Off topic. One thing I don’t understand at gigs is why some bands spend minutes between songs to tune their instruments why many bands never do that. Is it a nervous tic it? If so, it doesn’t help. Anytime the concert seems to take off these long breaks with chats do distract the audience while musicians look at pedals to be sure the E or the B are tuned are annoying.
Chicago Train starts with more falsetto but has a nice interlude which brings the song into Albatross one of their more orchestral pieces with Olga back on vocal. It’s not Fletwood Mac and sound brilliant. And This is What We Called Progress and the blast of guitars that open Glass Printer complete the live rendition of the latest album. The feeling is that everything would sound much smoother leaving it flow without the breaks between songs.
The closing two songs of the set are taken from the previous 2007 album, The Besnard Lakes are the Dark Horse. Disaster, that opens that LP sounds slightly different (it may be me) and as most of my favourite tracks gets boosted when the guitarist slice the air full of smoke. You Lied To Meepicness is perfect to close the intense set.
The band comes back for a two songs encore, Rides the Rails is a quite electronic piece where Jace finally manages to sing with his proper tone. Something shortened as “Capo” on the setlist is the closing piece. I leave the expert to find out what that was, I left the gig and leave you with the impression of a good concert by a band that has written some very nice music but is often trapped in their references.
The Besnard Lakes music belongs to the Canada alternative rock renaissance but is not the juicy part. They have some nice songs, wonderful guitar crescendo that get to the limit of noise before jumping back into a psychedelic rock. Hints of shoegaze alternate with post-rock quite-loud oscillations. All of this explains why they collaborated with members of Godspeed You! Black Emperor, are compared to Broken Social Scene and shouldn’t be put next to Arcade Fire. They have deep root in the seventies, sometime too deep. Jace Lakes doesn’t have the coolest look but Besnard Lakes play plenty of great music to enjoy and you can enjoy them in the coolest venues without going to those muddy fields to see them live, which is a big plus.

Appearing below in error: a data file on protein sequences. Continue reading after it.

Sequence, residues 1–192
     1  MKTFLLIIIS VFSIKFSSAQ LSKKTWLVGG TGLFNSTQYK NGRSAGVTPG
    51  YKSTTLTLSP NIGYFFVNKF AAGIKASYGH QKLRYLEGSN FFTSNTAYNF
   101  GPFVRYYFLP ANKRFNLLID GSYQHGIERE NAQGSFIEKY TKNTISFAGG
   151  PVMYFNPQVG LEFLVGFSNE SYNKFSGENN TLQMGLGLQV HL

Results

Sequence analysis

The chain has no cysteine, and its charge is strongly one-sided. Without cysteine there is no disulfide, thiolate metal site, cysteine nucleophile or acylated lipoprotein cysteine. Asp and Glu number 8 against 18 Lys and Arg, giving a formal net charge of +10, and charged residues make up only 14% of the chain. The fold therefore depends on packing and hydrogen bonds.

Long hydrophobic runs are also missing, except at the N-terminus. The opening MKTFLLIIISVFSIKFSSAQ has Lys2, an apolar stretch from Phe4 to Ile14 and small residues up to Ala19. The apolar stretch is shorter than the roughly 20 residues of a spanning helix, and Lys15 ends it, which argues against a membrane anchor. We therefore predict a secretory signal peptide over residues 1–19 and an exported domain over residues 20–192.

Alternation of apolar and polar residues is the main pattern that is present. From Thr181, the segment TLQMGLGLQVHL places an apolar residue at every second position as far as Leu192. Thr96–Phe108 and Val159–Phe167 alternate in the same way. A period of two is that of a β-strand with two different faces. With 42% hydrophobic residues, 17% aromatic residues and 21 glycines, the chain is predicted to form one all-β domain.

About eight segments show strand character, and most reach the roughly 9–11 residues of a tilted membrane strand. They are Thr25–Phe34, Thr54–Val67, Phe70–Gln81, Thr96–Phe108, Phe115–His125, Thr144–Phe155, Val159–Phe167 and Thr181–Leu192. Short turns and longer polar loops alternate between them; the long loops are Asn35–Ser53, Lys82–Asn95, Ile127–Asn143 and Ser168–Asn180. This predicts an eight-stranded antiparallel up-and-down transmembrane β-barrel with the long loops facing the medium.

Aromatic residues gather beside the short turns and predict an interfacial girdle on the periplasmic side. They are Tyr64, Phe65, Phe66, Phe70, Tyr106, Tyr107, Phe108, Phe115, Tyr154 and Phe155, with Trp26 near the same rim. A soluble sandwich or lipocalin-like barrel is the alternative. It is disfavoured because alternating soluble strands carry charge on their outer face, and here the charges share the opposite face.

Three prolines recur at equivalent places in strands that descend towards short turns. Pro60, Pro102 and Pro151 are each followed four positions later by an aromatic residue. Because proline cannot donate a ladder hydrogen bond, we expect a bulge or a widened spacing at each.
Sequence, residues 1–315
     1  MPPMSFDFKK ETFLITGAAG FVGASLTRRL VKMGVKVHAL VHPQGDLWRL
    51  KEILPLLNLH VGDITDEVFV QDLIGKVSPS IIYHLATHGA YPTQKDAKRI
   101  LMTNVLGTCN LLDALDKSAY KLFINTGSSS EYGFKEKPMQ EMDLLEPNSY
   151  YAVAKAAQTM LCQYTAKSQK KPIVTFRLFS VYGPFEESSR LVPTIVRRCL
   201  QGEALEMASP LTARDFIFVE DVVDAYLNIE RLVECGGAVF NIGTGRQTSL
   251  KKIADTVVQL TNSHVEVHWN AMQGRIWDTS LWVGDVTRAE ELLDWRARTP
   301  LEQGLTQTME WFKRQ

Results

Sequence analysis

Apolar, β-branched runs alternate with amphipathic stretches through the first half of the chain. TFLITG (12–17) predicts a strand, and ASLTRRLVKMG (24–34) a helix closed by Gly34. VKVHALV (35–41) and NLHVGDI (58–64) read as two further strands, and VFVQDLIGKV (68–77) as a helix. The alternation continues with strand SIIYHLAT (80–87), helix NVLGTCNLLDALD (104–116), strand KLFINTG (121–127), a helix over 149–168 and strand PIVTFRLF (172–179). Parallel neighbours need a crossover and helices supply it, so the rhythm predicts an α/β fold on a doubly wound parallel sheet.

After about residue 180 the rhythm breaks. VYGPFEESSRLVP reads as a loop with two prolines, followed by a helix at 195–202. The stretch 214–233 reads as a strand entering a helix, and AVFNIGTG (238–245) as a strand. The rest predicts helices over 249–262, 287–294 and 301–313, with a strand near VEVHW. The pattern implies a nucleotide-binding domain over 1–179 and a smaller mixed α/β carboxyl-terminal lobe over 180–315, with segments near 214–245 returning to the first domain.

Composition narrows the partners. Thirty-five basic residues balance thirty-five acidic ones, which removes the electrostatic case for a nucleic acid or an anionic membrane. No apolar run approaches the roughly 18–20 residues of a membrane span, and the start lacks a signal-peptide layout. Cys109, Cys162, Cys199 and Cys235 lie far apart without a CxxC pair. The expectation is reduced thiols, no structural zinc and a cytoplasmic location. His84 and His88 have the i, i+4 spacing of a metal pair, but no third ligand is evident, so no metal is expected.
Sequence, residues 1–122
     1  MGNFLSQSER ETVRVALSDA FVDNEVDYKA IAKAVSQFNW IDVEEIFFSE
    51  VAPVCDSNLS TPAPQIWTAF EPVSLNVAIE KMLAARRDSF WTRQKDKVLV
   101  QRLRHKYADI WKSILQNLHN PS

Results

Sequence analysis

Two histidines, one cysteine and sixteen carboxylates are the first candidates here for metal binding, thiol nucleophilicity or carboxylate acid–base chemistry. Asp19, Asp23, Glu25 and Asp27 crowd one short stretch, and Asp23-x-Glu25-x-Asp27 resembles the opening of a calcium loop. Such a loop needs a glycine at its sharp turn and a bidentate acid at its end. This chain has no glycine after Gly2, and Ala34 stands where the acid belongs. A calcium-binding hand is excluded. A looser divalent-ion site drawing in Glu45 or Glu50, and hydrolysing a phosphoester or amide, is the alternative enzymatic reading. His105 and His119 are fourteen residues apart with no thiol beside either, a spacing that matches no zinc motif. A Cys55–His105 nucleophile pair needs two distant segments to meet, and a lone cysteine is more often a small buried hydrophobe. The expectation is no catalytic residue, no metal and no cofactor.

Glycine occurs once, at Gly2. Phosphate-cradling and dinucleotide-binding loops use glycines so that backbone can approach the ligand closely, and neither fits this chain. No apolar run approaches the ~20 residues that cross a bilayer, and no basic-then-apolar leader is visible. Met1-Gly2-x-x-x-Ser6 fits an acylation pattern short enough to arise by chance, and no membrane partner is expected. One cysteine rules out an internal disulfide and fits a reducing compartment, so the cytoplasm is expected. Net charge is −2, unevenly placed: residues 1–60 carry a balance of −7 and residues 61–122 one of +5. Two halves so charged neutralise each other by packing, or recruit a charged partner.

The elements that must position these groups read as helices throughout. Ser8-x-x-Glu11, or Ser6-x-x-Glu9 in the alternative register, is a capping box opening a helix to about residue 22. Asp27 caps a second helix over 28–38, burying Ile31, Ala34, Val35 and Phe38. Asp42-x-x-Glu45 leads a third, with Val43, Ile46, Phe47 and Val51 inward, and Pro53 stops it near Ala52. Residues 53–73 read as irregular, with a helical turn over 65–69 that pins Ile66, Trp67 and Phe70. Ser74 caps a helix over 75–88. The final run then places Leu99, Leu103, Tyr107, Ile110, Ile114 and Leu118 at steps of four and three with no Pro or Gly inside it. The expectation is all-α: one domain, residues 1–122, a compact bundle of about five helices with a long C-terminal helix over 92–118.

I was asked in the past by a wanna be concert photographer if I ever use tripods at gigs.
The answer is even more clear than Image Stabilization/Vibration Reduction.
Tripods and monopod have more or less the same aim of vibration reduction systems. They stabilize the camera avoiding shake and allowing longer exposures (the tripod allows any exposure) but they can’t do anything if it is the subject moving.
In that case a slower shutter speed would just make your photo worse, extrapolate the concept to infinite and imagine a 30 seconds exposure of a concert. A useless mess. At 1/30s shot it would still be a blurred useless shot.
So bringing such devices at gigs wouldn’t make any good to your images.
Much worse they would create huge problem to anyone moving in the pit. If you want any photographer furious at you that’s the way forward. Expect either them or the security will ask you to stop using those.
In a narrow area, with many people, security guys, people screaming, glasses flying and a band playing in front of you the last thing you want to meet is someone with a monopod thinking to take better photos. Avoid to be that person.
It happened to me a couple of times and it was a nightmare, and both times it was people with videocameras filming the show. So it’s a no go.